Together with some other British-trained Czechoslovak commandos on other missions, two assassins – Jan KubiÅ¡ and Jozef Gabčík; a Czech and a Slovak – parachuted from a Halifax into a field near Prague, made contact with the resistance, and eventually ambushed and waylaid Heydrich’s Mercedes. Gabčík faced down the car with a Sten gun, which jammed and failed to fire. KubiÅ¡ charged from the rear with a grenade, which went off near the car’s rear wheel, driving fragments of the vehicle into Heydrich’s body. The assassins fled. Heydrich tried to shoot Gabčík, then collapsed. Taken to a hospital, Heydrich received good treatment but afterward died of an infection. Hitler and the Nazi high command gave him a martyr’s funeral. On the strength of a spurious connection, the Germans destroyed the city of Lidice, killing its inhabitants, razing it to the ground, and salting the earth. They also named an expanded program for carrying out the Final Solution (of which Heydrich had been a principal engineer) “Aktion Reinhard”. With the help of a parachutist who decided to betray his fellows, the Germans discovered KubiÅ¡ and Gabčík, together with a number of their colleagues, holed up in a Church and, over many blundering and violent hours, eventually smoked, flooded, and blasted them out of hiding; the commandos died rather than suffer capture.

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This Is Only a Test

by Belle Waring on January 9, 2014


What if I linked to my favorite song by everybody’s favorite Australian punk band, and merely pointed out that Ross “I Would Do Anything For Love But I Won’t” Douthat is only 8 1/2 days away from misusing found alien technology, not to better the world, because he’s a selfish monster, but to better his own life by becoming infinity percent cooler?


And look, he put out some great music, in his defense, right?


But that’s not at all what Culture tech is for and I can tell you, without spoilering the 21st Century at all, that both I myself and way MOAR KNIFE MISSLES get involved, so, it all evens out.

Are you going to go on and on about The Saints like a bunch of little bitches, or what? Not that there’s anything wrong with that! Oh, wait, now I’ve like entangled myself in my own quantum wossnames, haven’t I? COMMENT IN THE NEW THREAD. If you’re going to go on and on about something do it in an interesting fashion. Don’t feed boring trolls poorly-prepared victuals. Make the trolls earn their meagre fare. Then, eventually, you may reward them with fun-size Milky Way or something. God.

UPDATE: I failed. Because I could have written the post in a comprehensible way. But I did not. OR WAS I FAILED?!
1. Look, people have been going on about whether the Jim Crow South was maybe, possibly, kinda racist for like 425 comments down there in John’s thread. IT WAS. Also, DON’T FEED LOW CALIBER-TROLLS. “But Belle, Mao Cheng Ji started it!” STFU bitch.
2. People were not enough with the loving Breakwater’s “Say You Love Me Girl,” from below. Let’s grant they just don’t like that kind of thing, which was why they didn’t like it. OK GRANTED. Why didn’t they love Shuggie Otis more? Was it…racism? Oh, no, actually. Probably it was just liking this one other kind of music that they do like. Which is fine an all but…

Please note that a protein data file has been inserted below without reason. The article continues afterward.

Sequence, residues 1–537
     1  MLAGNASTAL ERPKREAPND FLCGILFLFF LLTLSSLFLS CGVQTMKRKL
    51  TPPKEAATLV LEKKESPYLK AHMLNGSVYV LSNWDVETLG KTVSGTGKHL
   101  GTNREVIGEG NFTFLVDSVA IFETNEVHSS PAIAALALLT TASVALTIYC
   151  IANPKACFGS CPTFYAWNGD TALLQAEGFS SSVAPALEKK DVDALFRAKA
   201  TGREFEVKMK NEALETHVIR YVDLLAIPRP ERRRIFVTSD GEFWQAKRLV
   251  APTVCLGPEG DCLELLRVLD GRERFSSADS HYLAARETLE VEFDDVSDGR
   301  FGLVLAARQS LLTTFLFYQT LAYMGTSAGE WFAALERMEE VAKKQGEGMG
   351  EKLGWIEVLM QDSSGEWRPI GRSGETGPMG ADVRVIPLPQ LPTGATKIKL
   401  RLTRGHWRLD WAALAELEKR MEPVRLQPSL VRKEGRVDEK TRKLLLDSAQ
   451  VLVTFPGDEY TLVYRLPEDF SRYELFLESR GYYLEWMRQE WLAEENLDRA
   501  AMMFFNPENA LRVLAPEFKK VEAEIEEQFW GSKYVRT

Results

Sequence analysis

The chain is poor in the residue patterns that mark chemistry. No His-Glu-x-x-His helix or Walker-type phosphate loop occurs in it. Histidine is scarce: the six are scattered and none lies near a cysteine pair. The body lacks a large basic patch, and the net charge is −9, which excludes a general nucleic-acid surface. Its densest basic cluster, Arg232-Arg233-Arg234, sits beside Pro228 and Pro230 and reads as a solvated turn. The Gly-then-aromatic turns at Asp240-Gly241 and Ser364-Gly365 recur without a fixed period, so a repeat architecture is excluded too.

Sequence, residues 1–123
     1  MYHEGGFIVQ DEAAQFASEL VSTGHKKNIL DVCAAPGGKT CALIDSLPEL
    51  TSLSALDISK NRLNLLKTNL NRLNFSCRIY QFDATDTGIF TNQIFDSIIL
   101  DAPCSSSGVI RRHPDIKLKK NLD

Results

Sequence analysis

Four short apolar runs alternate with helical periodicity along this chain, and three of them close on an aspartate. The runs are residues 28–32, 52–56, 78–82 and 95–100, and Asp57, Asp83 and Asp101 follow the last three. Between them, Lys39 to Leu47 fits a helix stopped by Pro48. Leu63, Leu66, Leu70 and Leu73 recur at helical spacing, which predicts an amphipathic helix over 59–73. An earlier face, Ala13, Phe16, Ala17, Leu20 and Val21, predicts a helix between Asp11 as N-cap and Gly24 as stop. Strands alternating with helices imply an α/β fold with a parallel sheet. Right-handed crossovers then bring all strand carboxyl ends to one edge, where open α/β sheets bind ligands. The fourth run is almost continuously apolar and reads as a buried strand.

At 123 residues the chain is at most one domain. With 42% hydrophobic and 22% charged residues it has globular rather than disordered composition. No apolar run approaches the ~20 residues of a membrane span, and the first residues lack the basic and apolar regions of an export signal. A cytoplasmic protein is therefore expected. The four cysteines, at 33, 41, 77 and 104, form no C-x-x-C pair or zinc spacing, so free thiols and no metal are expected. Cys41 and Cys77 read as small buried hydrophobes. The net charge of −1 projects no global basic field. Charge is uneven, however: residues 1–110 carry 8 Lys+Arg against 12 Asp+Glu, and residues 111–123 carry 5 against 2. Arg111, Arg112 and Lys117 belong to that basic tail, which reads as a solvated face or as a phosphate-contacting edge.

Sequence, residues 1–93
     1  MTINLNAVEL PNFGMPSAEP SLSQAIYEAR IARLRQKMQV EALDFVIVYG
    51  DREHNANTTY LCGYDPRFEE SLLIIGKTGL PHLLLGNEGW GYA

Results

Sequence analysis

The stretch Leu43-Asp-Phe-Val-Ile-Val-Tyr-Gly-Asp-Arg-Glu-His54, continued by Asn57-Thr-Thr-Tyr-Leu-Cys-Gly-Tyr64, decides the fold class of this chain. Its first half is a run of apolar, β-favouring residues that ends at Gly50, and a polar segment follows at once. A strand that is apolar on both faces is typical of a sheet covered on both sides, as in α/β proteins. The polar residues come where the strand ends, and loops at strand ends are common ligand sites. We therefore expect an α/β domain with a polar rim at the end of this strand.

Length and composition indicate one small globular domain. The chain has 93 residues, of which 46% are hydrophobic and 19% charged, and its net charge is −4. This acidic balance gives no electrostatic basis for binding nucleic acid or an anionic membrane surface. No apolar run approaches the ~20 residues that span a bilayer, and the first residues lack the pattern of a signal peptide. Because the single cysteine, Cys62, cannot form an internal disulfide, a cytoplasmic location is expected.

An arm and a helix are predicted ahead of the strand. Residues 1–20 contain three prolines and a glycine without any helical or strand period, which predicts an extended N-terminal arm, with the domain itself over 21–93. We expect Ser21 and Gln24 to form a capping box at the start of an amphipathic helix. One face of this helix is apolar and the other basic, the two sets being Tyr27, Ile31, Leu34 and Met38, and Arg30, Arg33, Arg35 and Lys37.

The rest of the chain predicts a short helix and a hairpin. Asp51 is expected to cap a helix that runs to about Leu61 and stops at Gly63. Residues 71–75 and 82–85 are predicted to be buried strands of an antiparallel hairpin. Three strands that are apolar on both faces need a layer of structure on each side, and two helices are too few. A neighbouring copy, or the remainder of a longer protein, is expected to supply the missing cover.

3. As inestimable non-trollish commenter Michael Sullivan pointed out, if this had been a male poster reminiscing about some post-punk stuff he might well have gotten 100 comments in an hour. So, was it–sexism? No, actually, people just don’t appreciate good music sometimes. So then I was listening to The Saints. And then I noticed, damn, Ross “I Would Do Anything For Love But I Won’t” Douthat looks just like that one dude in The Saints! So I suggested an humorous vignette in which Meatloaf (not “Mr. Meatloaf”; the New York Times regrets the error; like many Indonesians, Meatloaf only uses one name) was transported back in time using the technology of Iain M. Banks’ Culture. But would that have been satisfactory? No, so I had to specify that I subsequently hunted him down and killed him with knife missiles which, if you haven’t read the books, are EXACTLY WHAT THEY SAY ON THE TIN. Then people expressed variously, bafflement (here, sorry) and the objection that The Saints, being a seminal punk band, can hardly be post-punk can they, missy? (EXPECT KNIFE MISSILES.)
I don’t know why you people make everything so difficult.

Belle’s Record Collection, Um, II: The Reddingsing

by Belle Waring on January 8, 2014

I bought this album by The Reddings for .99. I could tell it was going to be amazing because of the Platonic solids–it’s Back to Basics! Also, that one dude doesn’t have any glass in his glasses=WIN.

The Reddings/Back to Basics

The Reddings/Back to Basics

But then I couldn’t listen to it till now. So I didn’t know how awesome. OMG! It’s all the deep cuts I wanted! And two of the dudes are Otis Reddings’ sons. Not to be confused with Shuggie Otis (son of Johnny Otis) and his superlative Information Inspiration. Oh damn I have to play that now in case you don’t know this song. It contains the line “here’s a pencil pad/I’m gonna spread some information.” I don’t know why, but this fills me with a deep, deep feeling of satisficing the criteria of a good life. John totally agrees (N.B. may not actually agree.)